B. Atoning Reconciliation

1. the middle wall of separation that divided Jews from Gentiles also indicated the unbeliever’s separation from God himself, but the death of Jesus Christ provided the means by which man could be reconciled to God (Ephesians 2:13-16)

2. Christ killed the hostility – the racial distinction between Jew and Gentile, as well as the graceless covenant that defined it – by enduring the cross for every sinner (Second Corinthians 5:14-19)

3. sometimes, among people, reconciliation is achieved by an apology or by the simple passage of time, healing wounds; reconciliation with God is achieved only through the blood of his son, and no matter how obscene or barbaric that sounds to modern ears, it remains the perfect wisdom of God, for “without the shedding of blood there is no forgiveness of sins” (Hebrews 9:22)

4. this reconciliation promises to make the believer three things: holy, blameless, and irreproachable, the same language used in the Old Testament of the unblemished animals required for priestly sacrifice before God – the purpose of our reconciliation is renewal (Romans 12:1-2)

C. Conditionality

1. among men, reconciliation can be ruined by a return to former habits; estrangement recurs where people refuse to learn, to grow, to try harder

2. in the same way, Paul describes our state of reconciliation and hopes of exaltation according to very important conditions relating to perseverance and steadfastness: “if indeed you continue in the faith, stable and steadfast, not shifting from the hope of the gospel” (Colossians 1:23)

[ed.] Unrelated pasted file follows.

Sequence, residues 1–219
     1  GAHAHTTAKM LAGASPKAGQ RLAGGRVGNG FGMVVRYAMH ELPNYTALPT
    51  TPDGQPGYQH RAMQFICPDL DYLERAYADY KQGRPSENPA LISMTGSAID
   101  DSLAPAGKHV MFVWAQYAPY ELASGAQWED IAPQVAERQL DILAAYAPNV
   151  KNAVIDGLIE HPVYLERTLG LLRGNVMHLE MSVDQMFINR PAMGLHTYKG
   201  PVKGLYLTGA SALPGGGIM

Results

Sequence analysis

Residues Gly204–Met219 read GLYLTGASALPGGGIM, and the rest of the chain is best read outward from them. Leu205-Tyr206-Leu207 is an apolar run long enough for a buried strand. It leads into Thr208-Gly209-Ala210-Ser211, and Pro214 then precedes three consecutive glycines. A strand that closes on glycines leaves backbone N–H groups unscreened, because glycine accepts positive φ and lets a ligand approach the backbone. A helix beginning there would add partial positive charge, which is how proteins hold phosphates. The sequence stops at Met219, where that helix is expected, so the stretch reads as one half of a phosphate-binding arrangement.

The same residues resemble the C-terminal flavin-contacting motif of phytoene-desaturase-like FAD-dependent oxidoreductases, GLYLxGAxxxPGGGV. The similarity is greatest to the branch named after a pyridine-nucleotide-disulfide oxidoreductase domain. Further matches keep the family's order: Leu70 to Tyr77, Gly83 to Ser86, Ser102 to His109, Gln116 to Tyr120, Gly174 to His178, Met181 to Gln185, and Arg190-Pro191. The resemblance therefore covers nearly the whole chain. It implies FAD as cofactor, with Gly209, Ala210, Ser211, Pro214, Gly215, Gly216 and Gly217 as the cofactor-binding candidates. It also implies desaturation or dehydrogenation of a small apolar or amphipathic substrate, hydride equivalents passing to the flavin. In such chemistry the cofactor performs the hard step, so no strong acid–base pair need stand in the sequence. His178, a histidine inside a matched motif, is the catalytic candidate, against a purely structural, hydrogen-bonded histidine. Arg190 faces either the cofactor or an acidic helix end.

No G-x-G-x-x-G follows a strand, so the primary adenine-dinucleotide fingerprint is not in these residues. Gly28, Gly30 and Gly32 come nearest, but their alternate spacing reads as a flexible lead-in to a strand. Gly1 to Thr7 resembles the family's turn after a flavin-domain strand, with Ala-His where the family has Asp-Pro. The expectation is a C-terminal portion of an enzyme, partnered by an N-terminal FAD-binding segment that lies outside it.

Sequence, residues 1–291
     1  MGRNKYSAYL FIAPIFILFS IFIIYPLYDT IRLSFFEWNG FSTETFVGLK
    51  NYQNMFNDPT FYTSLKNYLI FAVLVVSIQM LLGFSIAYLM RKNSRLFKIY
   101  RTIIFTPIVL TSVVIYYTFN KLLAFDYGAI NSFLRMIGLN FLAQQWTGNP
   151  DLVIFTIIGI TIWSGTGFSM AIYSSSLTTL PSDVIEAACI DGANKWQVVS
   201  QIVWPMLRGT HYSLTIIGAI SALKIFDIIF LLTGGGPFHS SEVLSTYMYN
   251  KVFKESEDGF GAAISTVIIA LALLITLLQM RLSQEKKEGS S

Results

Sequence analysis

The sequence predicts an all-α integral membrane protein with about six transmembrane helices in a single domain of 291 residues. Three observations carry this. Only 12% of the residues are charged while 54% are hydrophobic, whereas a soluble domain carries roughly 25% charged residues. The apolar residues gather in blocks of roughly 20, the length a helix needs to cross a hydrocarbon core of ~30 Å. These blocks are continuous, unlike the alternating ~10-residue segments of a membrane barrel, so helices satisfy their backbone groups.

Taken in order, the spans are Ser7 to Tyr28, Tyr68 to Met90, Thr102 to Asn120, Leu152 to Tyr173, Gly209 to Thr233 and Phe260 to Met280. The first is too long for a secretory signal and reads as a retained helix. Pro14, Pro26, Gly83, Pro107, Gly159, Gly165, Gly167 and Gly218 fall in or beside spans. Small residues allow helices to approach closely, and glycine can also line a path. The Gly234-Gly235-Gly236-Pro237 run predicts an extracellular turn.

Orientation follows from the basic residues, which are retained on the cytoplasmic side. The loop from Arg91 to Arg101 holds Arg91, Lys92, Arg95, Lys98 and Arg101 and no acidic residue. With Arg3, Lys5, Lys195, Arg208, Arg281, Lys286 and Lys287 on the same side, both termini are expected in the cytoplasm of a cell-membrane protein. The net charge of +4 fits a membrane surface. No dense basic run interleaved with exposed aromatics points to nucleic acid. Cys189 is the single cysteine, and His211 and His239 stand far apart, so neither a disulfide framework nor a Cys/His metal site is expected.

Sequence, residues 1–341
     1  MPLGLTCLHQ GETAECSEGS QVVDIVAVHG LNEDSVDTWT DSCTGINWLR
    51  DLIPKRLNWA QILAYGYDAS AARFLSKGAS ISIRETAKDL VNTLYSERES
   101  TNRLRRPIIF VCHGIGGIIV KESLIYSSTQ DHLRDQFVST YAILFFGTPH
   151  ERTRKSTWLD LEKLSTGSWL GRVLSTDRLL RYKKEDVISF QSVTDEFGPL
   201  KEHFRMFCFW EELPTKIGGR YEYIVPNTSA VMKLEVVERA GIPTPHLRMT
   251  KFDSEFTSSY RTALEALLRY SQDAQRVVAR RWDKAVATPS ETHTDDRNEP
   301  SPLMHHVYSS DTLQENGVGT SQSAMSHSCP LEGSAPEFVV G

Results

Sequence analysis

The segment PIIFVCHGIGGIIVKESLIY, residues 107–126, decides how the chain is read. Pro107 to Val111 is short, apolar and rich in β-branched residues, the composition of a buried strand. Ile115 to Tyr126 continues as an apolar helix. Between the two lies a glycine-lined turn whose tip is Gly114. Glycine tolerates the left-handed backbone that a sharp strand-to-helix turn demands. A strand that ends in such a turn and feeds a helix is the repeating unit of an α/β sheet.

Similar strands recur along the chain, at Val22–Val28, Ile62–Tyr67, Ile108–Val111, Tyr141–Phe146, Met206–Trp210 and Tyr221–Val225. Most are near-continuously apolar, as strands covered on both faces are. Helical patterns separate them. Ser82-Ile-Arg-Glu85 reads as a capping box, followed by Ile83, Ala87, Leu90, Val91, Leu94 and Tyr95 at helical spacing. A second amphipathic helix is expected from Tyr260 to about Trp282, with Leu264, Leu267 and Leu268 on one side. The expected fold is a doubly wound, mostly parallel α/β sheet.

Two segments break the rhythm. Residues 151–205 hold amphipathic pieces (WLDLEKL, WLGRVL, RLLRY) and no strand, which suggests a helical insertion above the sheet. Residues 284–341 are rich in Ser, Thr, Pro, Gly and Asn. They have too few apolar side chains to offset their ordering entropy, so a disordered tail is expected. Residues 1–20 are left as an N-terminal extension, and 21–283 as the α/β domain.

3. the final perseverance of the saint is dependent upon, not his perpetual flawlessness, but his steadfast faithfulness and striving against sin, including his commitment to a prayerful, penitent response when sin occurs

4. as Jesus taught, “the one who endures to the end will be saved” (Matthew 10:22), but it is always possible that a believer might cease to believe or cease to act like he believes (Hebrews 10:35-39)


There is conditionality built in to the promise of eternal life, not to enforce perfectionism or create a meritorious system of redemption, but to encourage sustained faithfulness and ascent toward godliness.

Questions for Review

  1. What role did Epaphras play in evangelizing Colossae?

  2. What was the threat to the Colossian church?

  3. What distinguishes earthly wisdom from heavenly?

  4. What alienates people from God?

  5. How are people reconciled to God?

  6. What is the condition of eternal life Paul describes here?

  7. How does this differ from a meritorious system of works?

Update on Sunday, May 27, 2012 at 1:46PM by Registered CommenterJeff Smith

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Article originally appeared on ElectronicGospel (http://electronicgospel.com/).